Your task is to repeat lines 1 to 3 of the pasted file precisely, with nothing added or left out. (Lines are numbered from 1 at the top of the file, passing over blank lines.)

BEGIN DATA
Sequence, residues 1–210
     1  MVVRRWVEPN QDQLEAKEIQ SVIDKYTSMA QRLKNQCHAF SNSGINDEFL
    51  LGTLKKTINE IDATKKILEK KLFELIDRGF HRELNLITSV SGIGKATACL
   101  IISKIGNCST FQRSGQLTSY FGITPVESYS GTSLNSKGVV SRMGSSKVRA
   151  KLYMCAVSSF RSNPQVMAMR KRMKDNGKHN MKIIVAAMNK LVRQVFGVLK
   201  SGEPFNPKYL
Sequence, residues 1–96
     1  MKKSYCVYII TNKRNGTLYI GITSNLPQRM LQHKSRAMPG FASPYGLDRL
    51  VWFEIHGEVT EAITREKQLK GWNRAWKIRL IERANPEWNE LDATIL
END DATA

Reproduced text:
Sequence, residues 1–210
     1  MVVRRWVEPN QDQLEAKEIQ SVIDKYTSMA QRLKNQCHAF SNSGINDEFL
    51  LGTLKKTINE IDATKKILEK KLFELIDRGF HRELNLITSV SGIGKATACL